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The IRS wants to help you. Really. Well, maybe not you, yourself, exactly; but anyone who knows or thinks they may be facing foreclosure. And that is a fair amount of people.

On September 17, the Internal Revenue Service added a new section to its website. In addition to explaining the potential tax consequences of mortgage workouts and foreclosures, the section also informs taxpayers of "special relief provisions [that] can often reduce or eliminate the tax bite for financially strapped borrowers who lose their homes."

According to the IRS news release, "The new section of IRS.gov includes a variety of information, including a worksheet designed to help borrowers determine whether any of the foreclosure-related relief provisions apply to them. For those taxpayers who find they owe additional tax, it also includes a form they can use to request a payment agreement with the IRS. In some cases eligible taxpayers may qualify to settle their tax debt for less than the full amount due using an offer-in-compromise." It kind of sounds like one of those real estate ads that names a selling price, but adds that "seller is flexible."

The presence of this addition to the IRS website is certainly a good thing, and one hopes that it will receive more notice than it has so far. It is well known that an outbreak of foreclosures is among the chief unhappy consequences of the irrational lending policies of the past few years. What is less known, especially among those who are being foreclosed upon, is that there may also be negative tax consequences to the homeowner. As the IRS site states it, "Under the tax law, if the debt wiped out through the foreclosure exceeds the value of the property, the difference is normally taxable income."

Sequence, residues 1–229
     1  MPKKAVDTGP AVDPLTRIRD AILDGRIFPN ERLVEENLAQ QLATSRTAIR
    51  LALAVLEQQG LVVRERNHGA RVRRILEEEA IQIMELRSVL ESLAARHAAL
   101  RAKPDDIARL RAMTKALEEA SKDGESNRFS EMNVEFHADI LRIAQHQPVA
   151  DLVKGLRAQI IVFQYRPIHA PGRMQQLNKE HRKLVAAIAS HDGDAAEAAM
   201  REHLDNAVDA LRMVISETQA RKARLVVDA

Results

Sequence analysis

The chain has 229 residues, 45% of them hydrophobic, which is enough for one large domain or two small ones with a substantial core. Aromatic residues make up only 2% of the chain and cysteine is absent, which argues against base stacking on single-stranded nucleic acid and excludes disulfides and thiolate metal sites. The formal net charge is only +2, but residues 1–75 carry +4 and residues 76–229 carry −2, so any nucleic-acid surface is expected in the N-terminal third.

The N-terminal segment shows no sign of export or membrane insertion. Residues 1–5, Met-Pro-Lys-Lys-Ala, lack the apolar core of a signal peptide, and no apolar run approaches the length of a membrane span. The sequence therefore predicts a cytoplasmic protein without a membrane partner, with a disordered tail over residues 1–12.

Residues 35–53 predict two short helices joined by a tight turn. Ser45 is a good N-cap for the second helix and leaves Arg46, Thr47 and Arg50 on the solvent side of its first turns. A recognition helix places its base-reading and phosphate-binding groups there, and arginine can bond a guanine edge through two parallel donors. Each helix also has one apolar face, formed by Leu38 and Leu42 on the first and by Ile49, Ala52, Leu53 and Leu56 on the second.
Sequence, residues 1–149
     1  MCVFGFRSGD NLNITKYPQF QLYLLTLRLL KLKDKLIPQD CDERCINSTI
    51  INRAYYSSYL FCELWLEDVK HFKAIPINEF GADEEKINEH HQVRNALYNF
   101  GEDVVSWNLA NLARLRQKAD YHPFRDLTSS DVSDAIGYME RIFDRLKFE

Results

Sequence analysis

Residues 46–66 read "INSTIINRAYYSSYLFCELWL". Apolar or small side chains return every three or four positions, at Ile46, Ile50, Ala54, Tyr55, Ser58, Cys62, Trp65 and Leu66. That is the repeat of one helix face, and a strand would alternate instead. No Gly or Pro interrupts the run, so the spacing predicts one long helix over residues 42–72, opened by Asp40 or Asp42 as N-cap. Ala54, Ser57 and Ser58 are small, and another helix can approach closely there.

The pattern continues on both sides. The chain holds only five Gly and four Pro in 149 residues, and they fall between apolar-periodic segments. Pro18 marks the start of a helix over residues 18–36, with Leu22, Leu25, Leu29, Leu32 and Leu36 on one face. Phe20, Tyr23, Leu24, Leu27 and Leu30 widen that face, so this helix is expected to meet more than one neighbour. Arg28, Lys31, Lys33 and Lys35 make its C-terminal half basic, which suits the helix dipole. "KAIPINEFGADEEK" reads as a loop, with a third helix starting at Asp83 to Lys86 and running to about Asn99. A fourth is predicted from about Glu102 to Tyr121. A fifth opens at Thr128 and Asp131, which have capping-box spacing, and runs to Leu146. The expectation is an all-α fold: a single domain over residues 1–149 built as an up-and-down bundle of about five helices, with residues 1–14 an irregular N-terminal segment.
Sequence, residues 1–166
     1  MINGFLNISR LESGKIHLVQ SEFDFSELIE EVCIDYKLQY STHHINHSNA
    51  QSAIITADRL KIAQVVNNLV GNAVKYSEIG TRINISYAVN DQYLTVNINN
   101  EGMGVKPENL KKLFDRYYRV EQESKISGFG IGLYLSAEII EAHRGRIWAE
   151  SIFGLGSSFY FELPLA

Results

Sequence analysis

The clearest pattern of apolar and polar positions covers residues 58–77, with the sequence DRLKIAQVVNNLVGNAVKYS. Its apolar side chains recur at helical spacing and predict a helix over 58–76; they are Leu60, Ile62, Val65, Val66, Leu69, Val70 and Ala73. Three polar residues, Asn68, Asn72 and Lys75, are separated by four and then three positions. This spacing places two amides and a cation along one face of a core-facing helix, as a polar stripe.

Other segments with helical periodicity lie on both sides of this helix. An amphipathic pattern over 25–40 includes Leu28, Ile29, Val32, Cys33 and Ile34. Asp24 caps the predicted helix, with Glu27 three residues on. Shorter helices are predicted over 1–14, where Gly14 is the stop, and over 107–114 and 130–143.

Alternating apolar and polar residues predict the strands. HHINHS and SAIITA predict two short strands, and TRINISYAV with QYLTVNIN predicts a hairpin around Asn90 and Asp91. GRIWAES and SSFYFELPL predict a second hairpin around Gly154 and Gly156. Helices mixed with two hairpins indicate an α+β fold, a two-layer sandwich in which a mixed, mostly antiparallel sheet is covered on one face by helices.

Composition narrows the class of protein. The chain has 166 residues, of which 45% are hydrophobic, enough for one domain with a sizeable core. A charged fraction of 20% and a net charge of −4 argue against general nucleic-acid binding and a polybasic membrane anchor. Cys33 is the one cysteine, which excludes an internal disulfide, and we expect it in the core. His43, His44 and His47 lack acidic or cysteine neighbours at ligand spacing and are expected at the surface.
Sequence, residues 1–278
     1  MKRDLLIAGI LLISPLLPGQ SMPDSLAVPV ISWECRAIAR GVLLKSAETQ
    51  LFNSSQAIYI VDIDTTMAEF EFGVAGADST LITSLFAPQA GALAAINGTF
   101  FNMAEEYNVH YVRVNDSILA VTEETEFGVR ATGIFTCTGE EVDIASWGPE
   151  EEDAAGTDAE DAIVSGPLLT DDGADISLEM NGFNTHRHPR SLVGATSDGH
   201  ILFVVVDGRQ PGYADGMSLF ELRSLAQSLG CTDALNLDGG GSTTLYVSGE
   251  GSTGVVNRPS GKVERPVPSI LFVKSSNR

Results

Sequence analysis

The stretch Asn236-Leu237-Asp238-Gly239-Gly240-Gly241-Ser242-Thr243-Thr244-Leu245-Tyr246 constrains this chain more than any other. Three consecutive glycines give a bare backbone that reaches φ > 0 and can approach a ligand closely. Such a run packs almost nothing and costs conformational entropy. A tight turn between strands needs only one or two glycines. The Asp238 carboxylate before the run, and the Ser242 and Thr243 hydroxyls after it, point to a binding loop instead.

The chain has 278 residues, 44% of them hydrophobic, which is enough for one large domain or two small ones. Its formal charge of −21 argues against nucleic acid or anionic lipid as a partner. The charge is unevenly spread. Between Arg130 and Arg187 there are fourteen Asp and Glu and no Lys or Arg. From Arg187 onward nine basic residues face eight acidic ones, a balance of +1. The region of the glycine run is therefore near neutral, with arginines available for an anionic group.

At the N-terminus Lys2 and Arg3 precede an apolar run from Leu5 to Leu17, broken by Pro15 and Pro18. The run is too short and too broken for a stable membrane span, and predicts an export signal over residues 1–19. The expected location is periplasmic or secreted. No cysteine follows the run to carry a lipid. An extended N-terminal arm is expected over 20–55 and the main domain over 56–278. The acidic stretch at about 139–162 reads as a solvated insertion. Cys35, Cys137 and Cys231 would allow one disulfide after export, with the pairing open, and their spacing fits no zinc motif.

The emphasis needs to be on "normally." It is not always the case that debt relief is taxable; and this is something that the IRS site takes pains to point out. In doing so, the section addresses not only those who didn't know about the possible tax consequences of debt relief, but also it provides important information for those who might have mistakenly believed that a foreclosure would result in tax obligations for them.

The section discusses different situations when cancellation of debt does not result in taxable income. An important situation is when the debt is in the form of a non-recourse loan. "A non-recourse loan is a loan for which the lender's only remedy in case of default is to repossess the property being financed or used as collateral. That is, the lender cannot pursue you personally in case of default. Forgiveness of a non-recourse loan resulting from foreclosure does not result in cancellation of debt income."

That's the good news. Unfortunately, there still may be other tax consequences when a non-recourse loan is wiped out as a result of foreclosure. That will depend on the particular situation.

A particularly helpful aspect of the new website section is that it includes worksheets and examples. Moreover, it provides links to other IRS publications that also offer worksheets and examples. There is also a link to the form 1099-C, which is the form used for reporting debt cancellation. This is the form from which the IRS gets its information, and taxpayers who receive one need to know that they should verify its accuracy.

It has certainly not been the point of this discussion to summarize the information that is now available on the IRS website. Rather, it has been to make readers aware that this information is available, and that it is something that should be seen by anyone who is facing or contemplating foreclosure.

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